Left-Handed Calligraphy and Hand-Lettering LinksLeft-Handed Writing The man in this video on foundation pens explains the three main ways of that lefties write (I think I’m mainly an underwriter) starting at about 6 minutes into the video. Calligraphy Calligraphy pens frequently have a flat line tip and in order to make strokes, the pen must be held at a specific angle. Here is an explanation about the issue of calligraphy for lefties (the man is right-handed, but he explains and shows the difference). The strokes of calligraphy are dependent on an angle of the pen that is just extremely hard for us to achieve. And while some people manage to use the right-hander pens, I was personally thrilled to learn of specific pens for left-handers. Basically, these specially pens are cut at an angle so that I can write as I normally would, I could follow all the stroke instructions as written for all the different calligraphy lettering styles. I received the deluxe Manuscript left-handed calligraphy pen set from the John Neal Books left-handed section for Christmas two years ago. When I can get the ink to flow, I LOVE it, but I think I need to learn to clean and store my pens better in order to get the ink to run, maybe I need to clean with alcohol. I’d love to be able to try some of the left-handed dip pens listed as well. This man demonstrates his way of using right-handed pens. I believe he is doing the strokes opposite, up instead of down, etc. so that he can get the proper width with hand and wrist contortions. I personally would rather not have to unlearn and relearn basic writing direction, but this is an interesting adaptation. This girl demonstrates calligraphy with pens that seem to be point rather than straight across. I’m not sure how she gets this to work for her; I’d like to try it, but I’m not sure I could do this. Hand-Lettering Links While my personal style leans more toward the formal calligraphy, I do find hand-lettering pretty. I bought my sister brush pens and loved some things she’s done. She mentioned there being a learning curve, so I looked up videos, and then realized there is probably going to be WAY more of a learning curve for a left-hander although I’d be hard-pressed to explain exactly why since these tips are the same as any other pen, I guess the stroke width also depends on angle? I got my own brush pens and have recently tried them, but I’m not sure they are meant for lettering, rather for drawing and painting. I’m wanting Tombow pens and hoping those will be better. Tips for getting started hand-lettering as a lefty. A playlist for beginning lettering as a lefty. Also, in my searching, I gathered that Arabic calligraphy is done from right to left and may also require oblique pens (the cut of the pens for lefties) for right-handers.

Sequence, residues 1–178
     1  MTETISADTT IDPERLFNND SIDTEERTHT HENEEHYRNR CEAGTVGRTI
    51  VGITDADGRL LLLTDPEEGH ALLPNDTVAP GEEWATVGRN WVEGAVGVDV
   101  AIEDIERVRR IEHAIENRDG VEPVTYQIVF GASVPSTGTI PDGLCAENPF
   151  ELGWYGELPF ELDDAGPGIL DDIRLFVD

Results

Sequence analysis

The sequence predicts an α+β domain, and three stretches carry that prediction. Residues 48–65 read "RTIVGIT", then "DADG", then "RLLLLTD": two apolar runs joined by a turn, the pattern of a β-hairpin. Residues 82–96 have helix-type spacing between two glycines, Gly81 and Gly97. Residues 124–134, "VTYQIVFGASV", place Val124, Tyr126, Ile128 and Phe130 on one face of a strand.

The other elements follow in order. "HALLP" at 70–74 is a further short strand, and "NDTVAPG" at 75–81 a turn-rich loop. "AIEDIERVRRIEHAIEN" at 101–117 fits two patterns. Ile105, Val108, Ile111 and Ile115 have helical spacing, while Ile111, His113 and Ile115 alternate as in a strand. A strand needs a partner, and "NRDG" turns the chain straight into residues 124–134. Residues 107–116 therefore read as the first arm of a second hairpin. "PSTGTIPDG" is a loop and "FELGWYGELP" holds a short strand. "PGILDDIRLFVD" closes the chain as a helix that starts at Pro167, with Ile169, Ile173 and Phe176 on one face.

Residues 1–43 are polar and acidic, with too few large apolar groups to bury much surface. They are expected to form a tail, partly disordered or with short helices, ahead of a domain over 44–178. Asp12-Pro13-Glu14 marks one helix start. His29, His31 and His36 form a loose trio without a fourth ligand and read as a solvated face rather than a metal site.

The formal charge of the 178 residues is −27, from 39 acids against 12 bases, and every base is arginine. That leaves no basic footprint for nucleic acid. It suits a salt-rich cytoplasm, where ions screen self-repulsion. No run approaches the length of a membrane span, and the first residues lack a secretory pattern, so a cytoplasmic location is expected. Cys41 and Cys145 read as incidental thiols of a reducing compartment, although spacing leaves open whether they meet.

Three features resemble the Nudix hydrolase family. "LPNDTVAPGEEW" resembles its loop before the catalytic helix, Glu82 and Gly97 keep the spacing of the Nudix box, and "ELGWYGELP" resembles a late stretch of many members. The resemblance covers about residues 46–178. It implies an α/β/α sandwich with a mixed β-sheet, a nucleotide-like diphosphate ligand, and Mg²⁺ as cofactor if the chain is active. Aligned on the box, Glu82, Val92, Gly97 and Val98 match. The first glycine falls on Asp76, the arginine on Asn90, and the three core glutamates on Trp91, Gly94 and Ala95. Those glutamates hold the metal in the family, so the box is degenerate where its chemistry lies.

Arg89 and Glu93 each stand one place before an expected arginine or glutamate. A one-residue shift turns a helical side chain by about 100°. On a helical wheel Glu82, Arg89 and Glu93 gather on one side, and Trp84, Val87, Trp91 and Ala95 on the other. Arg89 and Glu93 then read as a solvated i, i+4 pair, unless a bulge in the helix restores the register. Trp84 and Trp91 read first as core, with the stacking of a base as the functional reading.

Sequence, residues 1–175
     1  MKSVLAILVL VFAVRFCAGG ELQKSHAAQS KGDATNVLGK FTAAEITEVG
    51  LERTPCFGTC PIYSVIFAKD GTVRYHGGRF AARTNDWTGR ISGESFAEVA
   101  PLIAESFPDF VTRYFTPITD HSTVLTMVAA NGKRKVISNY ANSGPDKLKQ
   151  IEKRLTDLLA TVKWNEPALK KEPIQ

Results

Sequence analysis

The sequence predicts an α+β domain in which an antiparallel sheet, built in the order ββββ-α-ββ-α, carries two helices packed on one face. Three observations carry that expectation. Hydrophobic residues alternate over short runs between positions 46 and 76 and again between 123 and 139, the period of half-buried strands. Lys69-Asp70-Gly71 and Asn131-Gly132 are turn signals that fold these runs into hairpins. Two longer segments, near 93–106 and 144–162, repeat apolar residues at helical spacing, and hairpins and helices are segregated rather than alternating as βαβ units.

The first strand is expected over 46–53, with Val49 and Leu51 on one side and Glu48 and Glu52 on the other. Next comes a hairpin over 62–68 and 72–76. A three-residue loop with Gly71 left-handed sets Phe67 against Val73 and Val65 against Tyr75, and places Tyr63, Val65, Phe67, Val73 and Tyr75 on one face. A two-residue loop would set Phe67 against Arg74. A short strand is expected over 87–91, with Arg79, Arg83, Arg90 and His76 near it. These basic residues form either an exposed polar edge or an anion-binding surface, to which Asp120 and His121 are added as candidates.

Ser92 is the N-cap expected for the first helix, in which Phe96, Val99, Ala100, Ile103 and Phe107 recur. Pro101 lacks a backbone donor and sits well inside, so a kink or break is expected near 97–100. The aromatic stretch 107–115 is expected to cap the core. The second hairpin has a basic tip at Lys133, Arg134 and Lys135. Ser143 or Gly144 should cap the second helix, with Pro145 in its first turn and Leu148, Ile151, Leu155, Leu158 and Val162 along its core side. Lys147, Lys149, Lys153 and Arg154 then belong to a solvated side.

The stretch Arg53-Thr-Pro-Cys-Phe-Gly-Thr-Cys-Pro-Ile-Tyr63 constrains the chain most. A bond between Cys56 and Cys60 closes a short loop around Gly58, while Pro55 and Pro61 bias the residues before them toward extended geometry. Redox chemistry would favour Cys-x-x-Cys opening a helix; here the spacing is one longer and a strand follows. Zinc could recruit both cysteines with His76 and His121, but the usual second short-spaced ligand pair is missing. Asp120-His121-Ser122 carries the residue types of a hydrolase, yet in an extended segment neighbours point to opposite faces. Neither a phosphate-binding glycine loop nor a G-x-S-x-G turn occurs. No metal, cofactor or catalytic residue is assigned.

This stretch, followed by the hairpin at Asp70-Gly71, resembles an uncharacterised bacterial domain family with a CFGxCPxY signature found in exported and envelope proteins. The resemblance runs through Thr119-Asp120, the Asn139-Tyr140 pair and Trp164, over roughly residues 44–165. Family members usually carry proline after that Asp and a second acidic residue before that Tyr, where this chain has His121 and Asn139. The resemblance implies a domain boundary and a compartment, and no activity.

I was looking on YouTube for left-handed calligraphy videos, when I came across one of those “things that are hard for lefties.” All the comments and sharers are “OMG, yesssss!” Whereas my reactions are more, “I’ve been left-handed all my life, I had no other option, did you just suddenly become left-handed?!!!” I mean, its not like we’ve ever been able to do these another way.
Of course, there are things that when I discover they are harder for lefties, its like a light bulb goes on, calligraphy for instance, once I found leftie oblique cut pens and tried them, I felt all was explained. I pick up most crafts I’m interested fairly quickly, my handwriting can be lovely when I’m not being lazy, so I had been frustrated with this craft and not at all interested in twisting my hand in weird angles. Now I know why I found it so hard and how easy it can be.
I’m just saying its so much a non-issue, that I forget to account for when it will be. We have a straight handle rotary cutter which I can use, so I didn’t even stop and think when I bought a rotary cutter and brought it home. When I tried to use it, I realized with a shaped handle, I’d have to do some odd maneuvering to get it to work. Oops.